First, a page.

Learn to Forgive: Holocaust Survivor Visits CAC

Kevin Abke, Cactus Writer

Back in September, CAC held presentations by “Peter” Moshe Loth at Signal Peak, Superstition Mountain and San Tan campuses.  It was a very successful event that captivated the crowd.  The emotions could be felt by all as people in the audience lined up to hug Peter.

Peter does presentations all over the country and the world about the circumstances of his life to promote positivity in regards to people’s experiences with social adversity.  The book about his experiences titled, “Peace by Piece,” was written by Dr. Sandra Rath as told by Peter Loth.

Peter is a survivor of World War II concentration camps of Nazi Germany.  He was born in Stutthof Concentration Camp on Sept. 2nd, the anniversary of the opening of the camp.  He was very fortunate as the camp only allowed the babies born on that specific day to live.

After Peter was freed from the camp, he was orphaned in Poland.  He experienced hate and maltreatment for being an orphan.  Later he moved to Germany to be with his birth mother and was again hated for being from Poland.   His mother was married to an African-American soldier.  His stepfather was reassigned to Georgia, and in 1959 he and his family moved to the United States.  Racial tensions in Georgia at that time were particularly high.  Peter was exposed to more hate and intolerance.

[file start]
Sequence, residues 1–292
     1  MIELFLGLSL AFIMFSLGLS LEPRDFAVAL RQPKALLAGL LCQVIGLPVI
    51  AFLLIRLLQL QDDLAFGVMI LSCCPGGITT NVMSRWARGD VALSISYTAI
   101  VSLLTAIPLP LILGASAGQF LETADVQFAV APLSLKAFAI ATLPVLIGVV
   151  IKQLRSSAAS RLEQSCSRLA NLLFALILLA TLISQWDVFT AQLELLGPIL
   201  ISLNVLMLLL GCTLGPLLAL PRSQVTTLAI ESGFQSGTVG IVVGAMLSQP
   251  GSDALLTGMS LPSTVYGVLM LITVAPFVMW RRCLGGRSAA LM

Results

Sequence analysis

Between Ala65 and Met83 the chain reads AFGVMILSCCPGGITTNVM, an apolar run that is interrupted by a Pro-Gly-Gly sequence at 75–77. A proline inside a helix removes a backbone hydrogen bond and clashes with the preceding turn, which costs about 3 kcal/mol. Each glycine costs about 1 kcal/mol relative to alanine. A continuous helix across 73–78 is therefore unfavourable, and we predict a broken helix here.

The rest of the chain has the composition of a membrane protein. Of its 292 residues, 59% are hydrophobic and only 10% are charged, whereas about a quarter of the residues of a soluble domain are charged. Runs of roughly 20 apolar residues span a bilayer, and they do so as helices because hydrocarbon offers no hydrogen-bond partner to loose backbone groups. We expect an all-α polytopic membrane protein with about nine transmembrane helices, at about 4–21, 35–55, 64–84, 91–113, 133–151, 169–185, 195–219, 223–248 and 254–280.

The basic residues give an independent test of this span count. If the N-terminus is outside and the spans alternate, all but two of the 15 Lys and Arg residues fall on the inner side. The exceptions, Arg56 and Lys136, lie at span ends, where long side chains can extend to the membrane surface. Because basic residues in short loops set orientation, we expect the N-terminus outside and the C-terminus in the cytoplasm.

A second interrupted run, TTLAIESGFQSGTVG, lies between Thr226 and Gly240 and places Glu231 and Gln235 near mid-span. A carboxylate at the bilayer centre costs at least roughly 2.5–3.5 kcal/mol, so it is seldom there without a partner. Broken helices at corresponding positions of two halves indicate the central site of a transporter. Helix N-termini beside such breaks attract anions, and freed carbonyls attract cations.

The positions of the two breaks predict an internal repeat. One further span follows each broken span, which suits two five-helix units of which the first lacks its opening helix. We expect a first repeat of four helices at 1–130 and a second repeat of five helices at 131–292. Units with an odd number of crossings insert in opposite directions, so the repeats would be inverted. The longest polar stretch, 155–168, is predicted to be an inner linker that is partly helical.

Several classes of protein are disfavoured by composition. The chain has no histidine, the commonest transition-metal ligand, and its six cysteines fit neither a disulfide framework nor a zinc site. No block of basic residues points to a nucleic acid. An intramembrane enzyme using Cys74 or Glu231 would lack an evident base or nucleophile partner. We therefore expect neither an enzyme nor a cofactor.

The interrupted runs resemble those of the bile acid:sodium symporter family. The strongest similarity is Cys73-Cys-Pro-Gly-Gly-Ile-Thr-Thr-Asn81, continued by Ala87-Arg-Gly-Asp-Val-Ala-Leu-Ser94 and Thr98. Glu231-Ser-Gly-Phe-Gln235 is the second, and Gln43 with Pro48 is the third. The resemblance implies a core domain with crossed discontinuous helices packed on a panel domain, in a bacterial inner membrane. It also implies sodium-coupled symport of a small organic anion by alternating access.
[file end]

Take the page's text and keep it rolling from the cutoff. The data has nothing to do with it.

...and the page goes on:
The message and relevance of the presentation is for us all to learn to forgive.  Peter told the crowd his life story.  He explained that we all have experienced hate on some level in our lives, but what we do with that hate is what matters most.  The amount of hate that he experienced in one lifetime is more than anyone should have to endure.

“If I can learn to forgive, then you can learn to forgive,” says Peter.

With such tragic events and hatred, he understands how lucky he was to not only survive the concentration camps, but have a loving family along the way.

Peter is the stepfather of Dr. Sandra Rath, professor of communications studies at the San Tan Campus. He currently resides outside of Kansas City, Mo.